After the list of all ECUs I have also done one for all MAP sensors. You notice that I still miss many references.If you have a working MAP sensor that I am missing, please send it to me for a short measureing. I take it to my test stand and send it back to you immediately. MAP sensors with mark ✓(SG) can only be verified and tuned together with your ECU. Then I use old references for Bosch workshops with increased tolerances and less adjustment points. Additionally I miss the Vega and 3 prototypes for BMW, MB and Volvo USA. Only after such a reference I am able to help when your MAP sensor is broken or leaking. When measuring I sometimes also notice that your MAP sensor is already leaking. Then I cannot use it as a reference, but you can change to another working one you might have.
Please support my work! My current quote for reference values is only 35/64 = 55% or 95% with less accuracy Bosch references.
There are still pilot types ✘ (no reference) and several 0 (measured but leaking). I have to fill my table completely with ✓(reference taken), even those with (ECU) mark and that is only possible with your help! Until today I received great help from nordfisch, Harald914, hgk, Hans-Joachim, Jörg and AliMente. Many thanks to you.
|BoschNumber||Hersteller / OEM no.||Steuergerät / ECU||T|
|Fahrzeug car||Fahrzeug car||Fahrzeug car||Fahrzeug car||Fahrzeug car||Bemerkung remark||Ersatz replace|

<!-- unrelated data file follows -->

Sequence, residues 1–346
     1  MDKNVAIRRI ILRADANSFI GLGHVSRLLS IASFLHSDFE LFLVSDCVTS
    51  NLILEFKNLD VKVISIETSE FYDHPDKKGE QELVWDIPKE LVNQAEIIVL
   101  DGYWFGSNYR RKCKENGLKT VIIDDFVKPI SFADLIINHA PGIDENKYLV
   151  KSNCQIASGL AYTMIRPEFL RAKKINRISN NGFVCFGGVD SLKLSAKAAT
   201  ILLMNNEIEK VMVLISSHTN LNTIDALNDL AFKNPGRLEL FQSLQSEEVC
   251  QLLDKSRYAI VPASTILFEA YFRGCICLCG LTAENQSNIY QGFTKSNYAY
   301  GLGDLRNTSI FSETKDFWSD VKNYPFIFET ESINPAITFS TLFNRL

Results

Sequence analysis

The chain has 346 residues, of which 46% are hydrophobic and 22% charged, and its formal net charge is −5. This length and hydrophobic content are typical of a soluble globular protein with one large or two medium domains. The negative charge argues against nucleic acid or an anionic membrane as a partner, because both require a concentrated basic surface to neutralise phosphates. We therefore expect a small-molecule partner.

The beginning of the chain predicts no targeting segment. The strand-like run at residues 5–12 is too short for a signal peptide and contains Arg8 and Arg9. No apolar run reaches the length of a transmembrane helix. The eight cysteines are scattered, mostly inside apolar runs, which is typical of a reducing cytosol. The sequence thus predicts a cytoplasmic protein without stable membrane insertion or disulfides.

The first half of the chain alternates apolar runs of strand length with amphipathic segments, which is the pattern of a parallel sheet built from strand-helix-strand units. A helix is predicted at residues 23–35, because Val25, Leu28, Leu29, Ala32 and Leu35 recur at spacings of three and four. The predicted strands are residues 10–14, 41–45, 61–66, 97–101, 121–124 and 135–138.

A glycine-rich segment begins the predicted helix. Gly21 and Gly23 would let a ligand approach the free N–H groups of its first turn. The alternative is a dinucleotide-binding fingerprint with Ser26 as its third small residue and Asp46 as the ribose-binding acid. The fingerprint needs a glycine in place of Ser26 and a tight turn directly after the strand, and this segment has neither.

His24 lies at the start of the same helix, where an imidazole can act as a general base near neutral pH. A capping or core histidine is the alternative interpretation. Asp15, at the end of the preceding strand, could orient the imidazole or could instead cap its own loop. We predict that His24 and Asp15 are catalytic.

|0280100001,002||022906051||0280000007||1||✓(ECU)||0||VW Typ 3 1.6 8/67-7/69||0280000007|
|0280100003,004||311905051B||0280000001, 0280000003||2||✓(ECU)||1||VW 411 8/69-4/70||Porsche 914 1.7 10/69-4/70|
|0280100003,004 FD190||311905051B||0280000001, 0280000003||2||✓||1||VW 411 8/69-4/70||Porsche 914 1.7 10/69-4/70|
|0280100005||8 50 075||0280001001, 0280001005||2||✓||1||Opel Admiral 3/69-6/71||Opel Diplomat 3/69-6/71|
|0280100006||A 001 542 91 17||0280001002, 0280001004, 0280001006 (Schweden ab 10/70)||2||✓||1||MB 250 CE 4/69-11/70|
|0280100006 FD905||A 001 542 91 17||0280001002, 0280001004, 0280001006 (Schweden ab 10/70)||2||✓||1||MB 250 CE 4/69-11/70|
|0280100007,008||311906051C||0280000005, 0280000019||2||✓(ECU)||1||VW Typ 3 8/69-7/71||Schlitze oben, da hängend montiert|
|0280100007,008 FD910||311906051C||0280000005, 0280000019||2||✓(ECU)||1||VW Typ 3 8/69-7/71||Schlitze oben, da hängend montiert|
|0280100009||83 7602||0280000010||2||✓(ECU)||1||Saab 99E 1.7 11/69-7/71|
|0280100010||241 725||0280000009, 0280000017||2||✓||1||Volvo 1800 2.0E 9/69-5/71|
|0280100011||DX.144-263A||0280000011 (nicht ge,ge-ge), 0280000022, 0280000042 (Ersatz)||1||✓||0||Citroen DS21 ie 2.2 10/69-5/72|
|0280100012||A 002 542 16 17||0280002001, 0280002002, 0280002004, 0280002007||2||✓||1||1||MB W111 Cp/Cab 3.5 1/70-12/71||MB 300SE/L 3.5 1/70-7/72||MB 280 SE/L 3.5 3/71-8/72||MB 350SL/C 3.5 5/71-2/76||MB 350 SE/L 3.5 8/72-2/76|
|0280100013||8 50 077||0280001003, 0280001010||2||✓||1||Opel Commodore GSE 2.5 4/70-12/71|
|0280100014||0280001001, 0280001005||2||✓||1||Opel Admiral 3/69-6/71 Automatik||Opel Diplomat 3/69-6/71 Automatik|
|0280100015 bl||243 183||0280000034 (1800), 0280001009 (160)||2||✓||1||Volvo 1800 2.0E 6/71-7/73||Volvo 140 2.0E 6/71-7/73||VOLVO 160 Injection 3.0 9/71-7/74|
|0280100016,017||243 183||0280000005, 0280000019, 0280000028, 0280000048||2||✓(ECU)||1||VW Typ 3 (Höhen) 02.1970 - 07.1973|
|0280100018||83 8070||0280000018||2||✓(ECU)||1||Saab 99EA 1.9E 8/70-8/73|
|0280100019,020||022906051A||0280000007, 0280000013, 0280000015||2||✓||1||VW 411 5/70-7/71||Porsche 914 5/70-7/71||0280000027, 0280000037|
|0280100023 sw/bk||DX.144-263B||0280000011 ge,ge-ge||1||✓(ECU)||0||Citroen DS21 ie|
|0280100023 sw/bk FD026||DX.144-263B||0280000011 ge,ge-ge||1||✓||0||Citroen DS21 ie|
|0280100024||8 22 77 331||0280000021||2||✓||1||Lancia 2000 Berlina ie 2.0 10/72-11/73||Lancia 2000 Coupe HF 11/71-12/73|